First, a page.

We’re moving toward Christmas now; closer and closer we get, my children, my beloveds. Listen to me, because I have a ceremonial theory that the celebration of death, which begins with the Day of the Dead or Halloween, progresses on to the Day of the Dead Bird – Thanksgiving – in which we eat the dead, finally, (although a dead of the avian kind) and, saddened by this ritual murder – and looking forward for one more month or so to steady decrease in light – we begin to manufacture light and therefore hope for our saddened selves in small and colored ways. We make up elaborate Christmas fantasies, but each at its core has to do with the lightening of dark and not the darkening of light. We’ve finally had enough of darkening. We want light. That’s my theory and that’s my story.
When I was a kid in Fresno, the one thing we did each year at Christmas was the piling into whatever car my dad had – he was selling used cars through much of this time – and head for the rich people’s houses on Van Ness Avenue. For two miles on a street where old people had planted trees tall enough to be lit at night in Decembers, for almost a hundred years, Fresnans had inched their cars with headlights hopefully off down that tunnel of fantasy called Christmas Tree Lane. In the Fifties of the late, lamented and thoroughly last of centuries, the cars were as beautiful to look at as were the Santas-in-Sleds or Playful-Elves-Around-The-Chimney or all the lighted mansions. (In Fresno, anything with two stories is technically a mansion. We are a people of one-story ranch houses, for the most part, and any elevation is looked up to.)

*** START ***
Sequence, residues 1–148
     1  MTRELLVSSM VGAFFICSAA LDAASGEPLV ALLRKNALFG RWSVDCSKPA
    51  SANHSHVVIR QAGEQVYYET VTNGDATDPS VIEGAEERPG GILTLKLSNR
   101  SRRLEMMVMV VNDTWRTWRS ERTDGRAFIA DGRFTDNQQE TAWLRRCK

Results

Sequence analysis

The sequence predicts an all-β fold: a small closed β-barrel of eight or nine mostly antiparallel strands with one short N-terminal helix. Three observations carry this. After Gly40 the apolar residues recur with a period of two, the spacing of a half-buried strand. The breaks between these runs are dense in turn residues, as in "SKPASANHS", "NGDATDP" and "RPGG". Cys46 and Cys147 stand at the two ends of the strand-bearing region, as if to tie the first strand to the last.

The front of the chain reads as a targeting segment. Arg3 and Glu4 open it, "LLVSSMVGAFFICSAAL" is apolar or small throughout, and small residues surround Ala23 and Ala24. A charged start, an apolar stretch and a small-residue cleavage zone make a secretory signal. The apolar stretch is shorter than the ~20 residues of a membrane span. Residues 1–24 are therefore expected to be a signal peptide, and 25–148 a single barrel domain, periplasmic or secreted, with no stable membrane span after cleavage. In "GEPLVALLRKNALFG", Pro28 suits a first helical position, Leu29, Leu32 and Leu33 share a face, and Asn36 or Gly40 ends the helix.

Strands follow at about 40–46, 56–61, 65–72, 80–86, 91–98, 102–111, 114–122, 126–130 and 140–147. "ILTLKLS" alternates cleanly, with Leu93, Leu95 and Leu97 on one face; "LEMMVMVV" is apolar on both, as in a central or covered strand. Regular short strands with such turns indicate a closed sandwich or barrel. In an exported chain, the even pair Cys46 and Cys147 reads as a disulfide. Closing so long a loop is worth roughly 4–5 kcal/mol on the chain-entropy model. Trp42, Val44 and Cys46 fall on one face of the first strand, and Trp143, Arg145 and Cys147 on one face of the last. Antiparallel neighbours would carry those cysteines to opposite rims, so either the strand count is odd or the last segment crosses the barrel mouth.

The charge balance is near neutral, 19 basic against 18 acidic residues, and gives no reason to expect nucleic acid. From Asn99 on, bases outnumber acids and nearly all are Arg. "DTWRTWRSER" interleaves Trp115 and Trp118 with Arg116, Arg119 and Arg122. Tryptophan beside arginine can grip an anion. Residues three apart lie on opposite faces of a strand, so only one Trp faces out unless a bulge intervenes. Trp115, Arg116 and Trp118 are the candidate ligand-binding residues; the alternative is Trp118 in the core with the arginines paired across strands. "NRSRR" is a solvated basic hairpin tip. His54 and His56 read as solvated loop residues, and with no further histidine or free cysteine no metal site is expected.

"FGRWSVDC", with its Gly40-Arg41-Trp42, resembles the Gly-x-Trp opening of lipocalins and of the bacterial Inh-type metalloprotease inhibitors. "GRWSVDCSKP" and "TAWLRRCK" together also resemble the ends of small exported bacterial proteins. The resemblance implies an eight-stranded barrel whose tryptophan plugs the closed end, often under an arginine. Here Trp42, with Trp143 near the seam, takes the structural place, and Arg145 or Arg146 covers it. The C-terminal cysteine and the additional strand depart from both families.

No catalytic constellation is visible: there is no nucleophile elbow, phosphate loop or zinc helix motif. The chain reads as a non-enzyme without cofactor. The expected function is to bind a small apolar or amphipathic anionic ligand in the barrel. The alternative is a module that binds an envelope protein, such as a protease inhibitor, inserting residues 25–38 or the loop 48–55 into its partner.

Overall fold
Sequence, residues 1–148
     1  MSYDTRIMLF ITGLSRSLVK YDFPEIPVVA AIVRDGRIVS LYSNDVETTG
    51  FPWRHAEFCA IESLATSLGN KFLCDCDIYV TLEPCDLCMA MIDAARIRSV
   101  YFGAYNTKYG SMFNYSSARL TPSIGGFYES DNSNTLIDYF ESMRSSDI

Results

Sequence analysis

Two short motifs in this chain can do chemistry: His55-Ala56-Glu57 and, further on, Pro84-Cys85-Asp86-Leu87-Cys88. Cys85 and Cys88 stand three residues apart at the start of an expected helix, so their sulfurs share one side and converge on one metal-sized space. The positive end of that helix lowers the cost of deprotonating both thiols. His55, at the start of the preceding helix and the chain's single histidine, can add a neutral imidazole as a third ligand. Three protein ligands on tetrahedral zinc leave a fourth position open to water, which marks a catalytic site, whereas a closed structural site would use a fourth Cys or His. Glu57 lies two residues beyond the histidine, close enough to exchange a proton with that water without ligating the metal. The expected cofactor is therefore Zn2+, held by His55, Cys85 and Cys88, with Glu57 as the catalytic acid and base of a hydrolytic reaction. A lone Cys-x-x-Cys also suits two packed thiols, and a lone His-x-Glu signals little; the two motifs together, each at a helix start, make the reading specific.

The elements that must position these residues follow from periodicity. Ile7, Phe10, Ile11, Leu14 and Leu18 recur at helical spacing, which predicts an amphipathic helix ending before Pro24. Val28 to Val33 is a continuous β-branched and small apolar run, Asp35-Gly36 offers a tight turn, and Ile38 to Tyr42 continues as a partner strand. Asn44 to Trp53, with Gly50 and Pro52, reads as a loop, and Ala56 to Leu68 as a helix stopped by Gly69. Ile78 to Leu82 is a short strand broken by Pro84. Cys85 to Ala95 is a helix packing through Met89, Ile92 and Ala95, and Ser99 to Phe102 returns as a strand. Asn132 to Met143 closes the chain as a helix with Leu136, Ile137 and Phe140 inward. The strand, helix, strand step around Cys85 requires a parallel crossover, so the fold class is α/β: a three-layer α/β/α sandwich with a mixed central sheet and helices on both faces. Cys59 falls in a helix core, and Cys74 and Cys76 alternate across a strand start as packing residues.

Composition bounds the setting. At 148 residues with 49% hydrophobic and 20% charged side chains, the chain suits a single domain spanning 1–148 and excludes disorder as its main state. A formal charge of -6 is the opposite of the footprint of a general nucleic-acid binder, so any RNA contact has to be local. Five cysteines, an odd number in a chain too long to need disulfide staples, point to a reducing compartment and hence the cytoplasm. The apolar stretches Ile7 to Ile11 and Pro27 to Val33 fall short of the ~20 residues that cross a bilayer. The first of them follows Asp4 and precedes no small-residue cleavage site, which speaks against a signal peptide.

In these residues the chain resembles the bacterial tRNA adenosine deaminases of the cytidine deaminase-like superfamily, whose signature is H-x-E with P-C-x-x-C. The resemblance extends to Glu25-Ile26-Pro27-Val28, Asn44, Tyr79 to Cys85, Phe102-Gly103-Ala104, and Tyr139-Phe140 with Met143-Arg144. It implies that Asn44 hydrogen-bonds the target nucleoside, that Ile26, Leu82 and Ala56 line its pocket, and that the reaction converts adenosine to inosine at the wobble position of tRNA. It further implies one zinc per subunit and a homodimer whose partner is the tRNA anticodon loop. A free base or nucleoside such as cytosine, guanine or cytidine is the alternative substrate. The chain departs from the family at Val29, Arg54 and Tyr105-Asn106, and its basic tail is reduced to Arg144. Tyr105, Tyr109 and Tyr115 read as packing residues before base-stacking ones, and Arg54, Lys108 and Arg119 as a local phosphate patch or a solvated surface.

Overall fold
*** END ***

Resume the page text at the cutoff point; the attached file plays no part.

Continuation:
Out of the darkness come the little lights. Up here on Mystery Island, it’s now the season of sundown at four-thirty and that just seems to give the Christmas lights an earlier opportunity to shine. It’s been snowing this week and the little lights glint off the snow and the lightedness is doubled or so. The little lights shine in the dark. I feel much better once the lights are shining and I leave them on all the grey and snowy days as well. My friend Mrs. Lobo gave us an eight-foot-tall snowman with an orange carrot nose who shines and waggles in the wind and wishes Happy Holidays to everyone who drives onto this island because we’ve set him up in the corner of the pasture that the whole island passes by every day. And night.
Did I mention the part about the little lights coming out of the dark?